Right before I woke up this morning, I dreamed about Buster kitty. He and Bella jumped out of the car as I was parking and they ran off together to explore. My beautiful Buster sashayed around as he did when he was young, occasionally searching for me with those big golden yellow eyes. I know it was a visit because at one point he communicated to me as only he could do that he was well and felt young and happy. “I love you,” those golden orbs said. And then he ran off to play with Bella.
I am still crying on and off as I think about my boy. So much time was spent the last few months trying to get him to eat and worried about what was wrong that I didn’t truly get to say good-bye. I was relieved when the decision was made and knew that he was out of whatever pain he might have been in. I’m so glad we did that before this panic hit as I had already been so stressed trying to get him to eat. Almost daily visits to Petsmart distracted me from my real pain of losing my companion of 15 years.
But seeing him last night so young and beautiful and happy reminded me of his best days. He was a force in my life. No matter what happened – and lots did during his lifetime – he gave me a blow by blow of what was going on in his mind. Buster was the last of my kitties that were present during my second marriage that ended so horribly. He was born in Indiana and lived in Memphis, Louisiana and Michigan. He was always quick to adapt and helped both of my other animals get settled in whatever new situation we encountered.
When we first brought him home from the shelter, we tried to quarantine him to have a slow introduction to the other cats. From the empty room upstairs he was so loud that we finally opened the door and let him out. He made himself at home and got along with the other cats from the first instant. He followed me up to bed and plopped down on my shoulder that night. The next morning my husband told me that when he came to bed, Buster was asleep on my pillow curled up at the top of my head. He never knew a stranger. He knew nothing but love.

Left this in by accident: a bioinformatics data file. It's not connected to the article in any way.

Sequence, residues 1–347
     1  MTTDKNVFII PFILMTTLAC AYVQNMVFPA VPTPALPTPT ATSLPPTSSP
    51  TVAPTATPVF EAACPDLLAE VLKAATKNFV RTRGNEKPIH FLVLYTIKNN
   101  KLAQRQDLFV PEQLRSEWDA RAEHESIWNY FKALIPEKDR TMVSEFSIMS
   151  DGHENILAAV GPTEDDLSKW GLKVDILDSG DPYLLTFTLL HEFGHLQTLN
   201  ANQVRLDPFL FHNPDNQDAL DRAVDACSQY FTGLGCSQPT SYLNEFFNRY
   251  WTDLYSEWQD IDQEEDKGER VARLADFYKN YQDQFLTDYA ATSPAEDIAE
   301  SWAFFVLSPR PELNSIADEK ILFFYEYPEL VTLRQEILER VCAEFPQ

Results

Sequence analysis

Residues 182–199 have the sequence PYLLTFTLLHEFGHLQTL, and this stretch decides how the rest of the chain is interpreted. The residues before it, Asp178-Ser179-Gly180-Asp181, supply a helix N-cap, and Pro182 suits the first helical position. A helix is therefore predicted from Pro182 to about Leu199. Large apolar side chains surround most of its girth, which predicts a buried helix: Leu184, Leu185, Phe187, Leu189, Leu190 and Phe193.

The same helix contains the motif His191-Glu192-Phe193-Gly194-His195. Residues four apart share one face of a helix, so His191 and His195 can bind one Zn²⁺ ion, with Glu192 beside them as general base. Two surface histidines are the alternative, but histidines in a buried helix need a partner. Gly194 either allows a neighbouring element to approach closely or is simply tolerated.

One year I took him to the vet for his annual checkup. I didn’t use a carrier for him because he was so relaxed no matter what we did. He was walking around while I paid and when I turned around we couldn’t find him anywhere. The veterinary staff looked everywhere and eventually we all fanned out into the field behind the office. Eventually one of the vet techs came down from the break room laughing. Buster had sauntered up the stairs to the employee break room and was napping in the middle of the table.
My Memphis vet called me in the middle of the workday to come get him. I had left him there for his checkup. This particular vet tech carried him around on her shoulder when he was there because that was the only way to quiet him. It wasn’t working that day. “But I have meetings and can’t come til 4,” I told her. “Come get him now,” she said. “He’s driving us crazy.” His big mouth is the reason I ended up with Buster in the first place. My ex and I had been wandering around the shelter looking at the cats and kittens, and Buster was yowling the entire time hanging on the fencing on his cage. Finally, we paid some attention to him because he was so obnoxious. We were struggling with a decision, so we let him make it for us. He was the boss.
Buster was my lap cat. As soon as I sat down or got in the bed, he was right on top of me. He was in my lap for just about every blog I ever wrote. He’d push aside Ashok or Bella or my computer to make space. At night, he had a habit of jumping into bed and plopping down on top of my chest right next to my chin. I’d put the cover over my head to keep him from licking my nose with his prickly tongue. His purr never stopped. I noticed in the last year or so that he wasn’t purring as often. I’d reach up and pet him to get it started. It soothed me as much as I like to think it did him. The last night he was alive, he was perched in the usual way on my shoulder with his two paws and his head right next to my face. I had the premonition that this would be the end, and I took a picture with my mind and heart.